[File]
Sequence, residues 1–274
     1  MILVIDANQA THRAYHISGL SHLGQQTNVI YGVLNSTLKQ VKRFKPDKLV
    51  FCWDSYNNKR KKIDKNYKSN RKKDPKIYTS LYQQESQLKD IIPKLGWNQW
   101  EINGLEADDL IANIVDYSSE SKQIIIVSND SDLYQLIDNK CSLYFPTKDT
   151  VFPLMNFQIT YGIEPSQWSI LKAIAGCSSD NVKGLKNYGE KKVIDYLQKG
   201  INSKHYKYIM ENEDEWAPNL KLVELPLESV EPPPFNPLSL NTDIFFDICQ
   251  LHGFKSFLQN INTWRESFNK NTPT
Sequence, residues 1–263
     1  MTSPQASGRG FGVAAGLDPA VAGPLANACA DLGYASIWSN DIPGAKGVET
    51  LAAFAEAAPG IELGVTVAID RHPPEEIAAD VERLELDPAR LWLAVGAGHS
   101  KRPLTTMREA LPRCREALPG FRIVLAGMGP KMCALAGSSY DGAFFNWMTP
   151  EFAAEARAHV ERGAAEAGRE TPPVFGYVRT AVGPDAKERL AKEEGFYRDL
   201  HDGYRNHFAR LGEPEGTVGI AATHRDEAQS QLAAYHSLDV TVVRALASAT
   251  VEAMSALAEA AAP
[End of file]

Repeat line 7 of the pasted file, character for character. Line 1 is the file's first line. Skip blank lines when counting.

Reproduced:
   251  LHGFKSFLQN INTWRESFNK NTPT